Year

2016

Degree Name

Doctor of Philosophy in Computer Science

Department

School of Computation and Information Technology

Abstract

Medical records have been moving from paper-based systems to electronic form in recent decades. This evolution to electronic health records (EHRs) brings new benefits and possibilities for healthcare providers, physicians and patients. Involved users can easily and flexibly deal with EHRs: they can broadcast and share the data amongst themselves rather than share on an individual to individual basis. The data can be moved from limited local storage systems at hospitals to externally hosted systems which enable multiple parties to access and maintain these records. However, with the change arise new practical, legal, ethical and financial challenges. EHRs contain sensitive personal medical information, and thereby demand that integrity and confidentiality are assured. Nevertheless, EHRbased systems improve individual outcomes and cut implementation costs. Stored data has to be accessible only to authorised users and always available especially in the case of emergencies.

EHR-based access and storage is a wide topic with numerous issues, including security and privacy concerns as well as efficiency and practical matters. At a first sight, one would look to design a solution that solves all of these problems. However, it is difficult to find a satisfactory solution with strong user autonomy and guarantees confidentiality along with flexibility and computational efficiency. Therefore, we propose dividing the general EHR-based context into subcases and studying each individually, defining them through concrete scenarios and to present specific solutions. We believe these solutions will be more effective in both security and utility compared to approaches which look at the EHR environment as a whole and aim to deliver a single solution.

Access control and storage services are the two main categories we studied. On one hand, we focus on the data accessibility. Since privacy of both user identities and data must be guaranteed and there is a threat of compromise by malicious actors, we have to ensure that only authorised users can access and manipulate EHR contents. On the other hand, we concentrate on storage of the data. We want to enable authorised users to be able to upload EHRs to cloud servers, selectively request access to stored data, and finally update and selectively share EHRs with other authorised people. Because it is difficult to iv design a single fully secure and effective EHR-based system which handles all of these actions, we divide the problem into different situations. We adopt an assumption that cloud servers are not fully trustworthy and design accordingly. This increases flexibility for healthcare providers when selecting a cloud service provider.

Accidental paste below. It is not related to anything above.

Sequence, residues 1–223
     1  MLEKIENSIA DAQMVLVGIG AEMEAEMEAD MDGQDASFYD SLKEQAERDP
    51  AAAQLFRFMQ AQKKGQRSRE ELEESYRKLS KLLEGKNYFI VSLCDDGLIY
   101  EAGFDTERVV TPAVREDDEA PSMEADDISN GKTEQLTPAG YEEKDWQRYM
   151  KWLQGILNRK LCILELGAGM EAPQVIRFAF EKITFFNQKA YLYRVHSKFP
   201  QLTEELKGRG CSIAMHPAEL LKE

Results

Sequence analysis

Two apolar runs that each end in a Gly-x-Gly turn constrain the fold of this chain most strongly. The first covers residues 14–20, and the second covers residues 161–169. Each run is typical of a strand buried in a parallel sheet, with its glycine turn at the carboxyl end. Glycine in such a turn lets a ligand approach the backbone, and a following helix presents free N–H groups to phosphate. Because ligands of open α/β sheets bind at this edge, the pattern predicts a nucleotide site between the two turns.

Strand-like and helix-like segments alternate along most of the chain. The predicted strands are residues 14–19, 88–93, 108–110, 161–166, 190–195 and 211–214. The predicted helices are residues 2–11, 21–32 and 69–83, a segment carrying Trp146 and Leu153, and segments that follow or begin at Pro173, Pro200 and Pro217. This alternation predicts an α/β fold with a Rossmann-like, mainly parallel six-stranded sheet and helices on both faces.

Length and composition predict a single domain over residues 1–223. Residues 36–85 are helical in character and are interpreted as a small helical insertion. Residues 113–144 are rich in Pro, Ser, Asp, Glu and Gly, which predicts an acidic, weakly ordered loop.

In this thesis, we outline various realistic scenarios, focus on their functional, security and practical requirements, and we then propose cryptographic primitives to address the requirements and issues.

We first present two primitives which involve broadcast encryption with membership and certificate-based broadcast encryption to enable secure and efficient broadcast and sharing of EHRs among the involved users. The first primitive allows hospital staff members authorised by a medical institute to access EHRs encrypted by the hospital. The second primitive enables staff members authorised by the hospital and holding valid certificates delivered by health legislators to access EHRs.

We then propose a primitive involving certificate-based encryption with keyword search to enable secure and efficient access and retrieval of EHRs stored on cloud servers. This primitive allows hospital staff members to search for EHRs stored on a cloud server using a trapdoor that embeds a keyword describing the contents of the records and a valid certificate.

We also design two primitives involving on-line/off-line ciphertext-policy attributebased proxy re-encryption and ciphertext-policy DNA-based encryption to securely address patient privacy in an efficient manner by reducing the computation and communications resources needed. The first primitive enables the hospital to pre-encrypt an EHR regarding credentials and lets the patient finalise the encryption using other credentials. A staff member recovers the EHR if and only if s/he satisfies at least the patient’s credentials. The second primitive considers DNA sequences for their uniqueness and closeness. A first patient encrypts his/her EHR using his/her DNA sequence and a second patient can retrieve the EHR if and only if his/her DNA sequence is close enough to that of the first patient.

Finally, we propose the primitive which involves dynamic provable data possession with public verifiability and data privacy to enable secure and efficient management of EHRs in cloud computing. This primitive allows hospital staff members to upload and update non-encrypted EHRs to a cloud server. A third party auditor is required to check that the cloud server correctly stores the EHRs by regular auditing.

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